Sigrún Davíðsdóttir's Icelog

What the Icelandic banks were told in April 2006

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Mike, a financial analyst who has been commenting on an earlier log, ‘Can Iceland just pay without any agreement?’ has posted a report by Barclays Capital from April 2006.* BC ran an Icelandic bank credit investor roadshow in Reykjavik end of March 2006, during which BC saw Kaupthing, Landsbanki and Glitnir, as well as the FME, the regulator and the Central Bank of Iceland. Knowing what happened to the banks in October 2008 the report is a fascinating read.

One of the key points was that “At current spreads, we believe the market is pricing in too low a probability of a crisis or a serious asset price correction.

Further: “Our conclusion is that at current levels, we would still be short Icelandic banks. Since we continue to view the key risks as systemic, we would buy protection on all the banks. It is true that fundamentally we would tend to agree with the market view that Glitnir has the strongest risk profile but in the worst-case scenario, all the banks would likely be tarred with the same brush and valuations would probably weaken equally across the market.”

On management: we sensed they are listening; a positive For the first time since we have been covering the Icelandic banks intensively, we got a definite sense that senior management was listening, and had accepted the fact that the pace of asset and funding growth needed to slow. Kaupthing, for example, will not be funding in the euro currency public market this year, and all banks seemed to have delayed or shelved plans to make further acquisitions this year at least.

On understanding the risks: we still feel nervous; no change One of our main concerns has centred on the ability and/or willingness of Icelandic banks to understand all the risks (direct, indirect, systemic) that are building up around them. We are particularly worried about the amount of indirect equity exposure that banks hold through lending to investment  companies/vehicles and others, which are then on-invested in equities, essentially double leveraging. We came away with the view that there is excessive focus on collateral and loan-to-value ratios and less measurement of ability to service debt.

And here is something that merits a close reading. One wonders why the FSA didn’t keep this in mind.

International subsidiaries do not help in distress: Much of the market commentary concerning the banks’ fundamentals has centred on using consolidated accounts. In particular,  the banks themselves are keen to defend their expansionary strategy by suggesting that it will help diversify both their asset side and their funding mix. We would highlight that although this type of diversification/expansion may be beneficial  for equity valuations, for our purposes, as credit analysts, it is not that helpful. Fixed income investors are exposed to legal entities alone. In this case, exposure to the Icelandic banks means exposure to the parent bank in Iceland. Dividend upstreaming from subsidiary to parent is helpful, and can ease liquidity pressures, but they are not dependable, and in itself, depending on equity dividend  income  to  pay  debt  coupons  is  leverage.  Unless  the  parent  has  a  call  on  the assets/liquidity of its subsidiary, the benefit of holding that subsidiary is otherwise useless in a distress event. It has been made abundantly clear from our conversations with the Icelandic banks, if we didn’t already know, that they have almost no ability to bleed liquidity from their foreign regulated subsidiaries, even if they wanted or needed to. Kaupthing’s plans to seek deposit funding at subsidiary FIH in Denmark, and Glitnir’s ownership of BN Bank in Norway do not diversify the parent bank’s own (solo) funding sources. They make the consolidated liquidity ratios look better (deposits/loans) but they are no real comfort to us as credit  analysts. Equally, disclosing consolidated cash/liquid asset positions is meaningless since the parent bank creditors have no call on subsidiary assets. This fact seems to have  been  lost  in  recent  commentary,  and  also seems to be conveniently ignored by bank management. We have asked the three banks for detailed parent bank (solo) unconsolidated accounts.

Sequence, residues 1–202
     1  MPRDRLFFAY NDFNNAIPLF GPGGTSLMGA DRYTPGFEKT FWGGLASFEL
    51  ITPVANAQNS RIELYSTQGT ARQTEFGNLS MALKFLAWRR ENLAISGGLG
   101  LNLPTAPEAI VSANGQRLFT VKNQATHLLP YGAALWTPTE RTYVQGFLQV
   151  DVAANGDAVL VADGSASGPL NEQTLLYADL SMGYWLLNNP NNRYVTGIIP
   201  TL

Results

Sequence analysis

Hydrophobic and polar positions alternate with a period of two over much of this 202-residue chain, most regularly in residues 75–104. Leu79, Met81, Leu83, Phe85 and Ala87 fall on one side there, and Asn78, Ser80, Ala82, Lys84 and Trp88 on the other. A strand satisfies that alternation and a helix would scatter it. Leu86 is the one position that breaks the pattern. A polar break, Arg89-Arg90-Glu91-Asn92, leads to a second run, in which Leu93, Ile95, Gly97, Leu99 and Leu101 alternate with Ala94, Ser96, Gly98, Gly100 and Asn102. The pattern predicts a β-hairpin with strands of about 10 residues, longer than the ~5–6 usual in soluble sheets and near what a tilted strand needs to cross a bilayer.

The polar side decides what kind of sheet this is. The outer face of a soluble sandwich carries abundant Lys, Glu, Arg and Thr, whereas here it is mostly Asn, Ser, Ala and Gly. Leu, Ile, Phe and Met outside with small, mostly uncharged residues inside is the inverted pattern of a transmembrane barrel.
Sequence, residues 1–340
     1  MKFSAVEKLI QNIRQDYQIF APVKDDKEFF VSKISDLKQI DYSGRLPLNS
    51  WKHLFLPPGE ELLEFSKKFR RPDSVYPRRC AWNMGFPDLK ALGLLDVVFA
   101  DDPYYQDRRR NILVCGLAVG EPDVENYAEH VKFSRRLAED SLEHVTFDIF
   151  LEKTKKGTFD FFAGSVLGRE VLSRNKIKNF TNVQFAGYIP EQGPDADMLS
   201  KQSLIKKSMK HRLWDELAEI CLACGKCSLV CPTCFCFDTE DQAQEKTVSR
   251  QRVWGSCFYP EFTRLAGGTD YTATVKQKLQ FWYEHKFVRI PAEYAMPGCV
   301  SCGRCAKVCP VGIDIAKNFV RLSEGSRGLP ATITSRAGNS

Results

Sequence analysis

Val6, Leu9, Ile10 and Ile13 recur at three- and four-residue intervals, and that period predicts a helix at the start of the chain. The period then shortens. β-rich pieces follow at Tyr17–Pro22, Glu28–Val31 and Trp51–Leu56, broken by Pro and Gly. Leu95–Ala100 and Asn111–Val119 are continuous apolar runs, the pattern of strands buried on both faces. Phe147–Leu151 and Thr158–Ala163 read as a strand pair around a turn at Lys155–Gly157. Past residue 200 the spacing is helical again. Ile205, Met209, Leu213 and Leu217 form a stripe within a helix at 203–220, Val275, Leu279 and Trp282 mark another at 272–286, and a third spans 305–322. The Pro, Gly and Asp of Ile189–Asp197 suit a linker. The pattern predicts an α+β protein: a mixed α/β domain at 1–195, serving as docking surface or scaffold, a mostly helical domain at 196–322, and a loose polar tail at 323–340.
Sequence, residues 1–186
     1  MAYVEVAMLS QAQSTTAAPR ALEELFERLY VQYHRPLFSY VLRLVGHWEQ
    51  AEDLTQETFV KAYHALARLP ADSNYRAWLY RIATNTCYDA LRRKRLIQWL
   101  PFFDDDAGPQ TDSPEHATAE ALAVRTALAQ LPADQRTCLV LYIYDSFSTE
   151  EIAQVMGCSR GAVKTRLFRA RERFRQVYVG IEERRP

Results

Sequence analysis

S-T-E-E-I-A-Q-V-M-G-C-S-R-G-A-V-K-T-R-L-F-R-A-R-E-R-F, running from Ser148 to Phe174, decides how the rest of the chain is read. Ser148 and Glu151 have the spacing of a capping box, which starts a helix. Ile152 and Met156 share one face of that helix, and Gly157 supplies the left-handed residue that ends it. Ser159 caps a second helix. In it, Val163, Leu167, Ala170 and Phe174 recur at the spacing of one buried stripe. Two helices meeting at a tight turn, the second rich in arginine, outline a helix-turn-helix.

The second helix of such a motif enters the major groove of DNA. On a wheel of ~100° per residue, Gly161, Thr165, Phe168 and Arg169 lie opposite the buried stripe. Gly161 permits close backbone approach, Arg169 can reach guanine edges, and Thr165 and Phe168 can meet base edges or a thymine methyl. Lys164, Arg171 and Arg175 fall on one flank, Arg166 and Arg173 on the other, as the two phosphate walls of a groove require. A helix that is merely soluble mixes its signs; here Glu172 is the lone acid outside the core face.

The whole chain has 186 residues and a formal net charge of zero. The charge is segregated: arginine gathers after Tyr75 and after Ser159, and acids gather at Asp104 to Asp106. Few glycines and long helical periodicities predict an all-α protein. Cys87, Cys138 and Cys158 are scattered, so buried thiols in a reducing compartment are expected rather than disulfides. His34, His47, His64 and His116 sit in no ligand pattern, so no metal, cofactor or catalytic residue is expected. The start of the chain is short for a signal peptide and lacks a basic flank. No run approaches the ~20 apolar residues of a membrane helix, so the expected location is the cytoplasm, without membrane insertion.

Underpriced risk wasn’t peculiar to Iceland. Greek risk was underpriced, probably the same in Ireland and other EU peripheral countries etc. But having read the BC report, as well as keeping in mind the serious criticism that hailed over the Icelandic banks already in early 2006, one wonders why the criticism softened as 2006 passed. Perhaps, it had less to do with Iceland and more to do with the general risk gluttony in the financial world. But still, the Icelandic banks, i.a. because of their interconnectedness, pointed out the BC report and elsewhere, posed a very special risk that the markets didn’t pay enough attention to.

*Thanks, Mike!

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Written by Sigrún Davídsdóttir

April 16th, 2011 at 9:06 pm

Posted in Iceland

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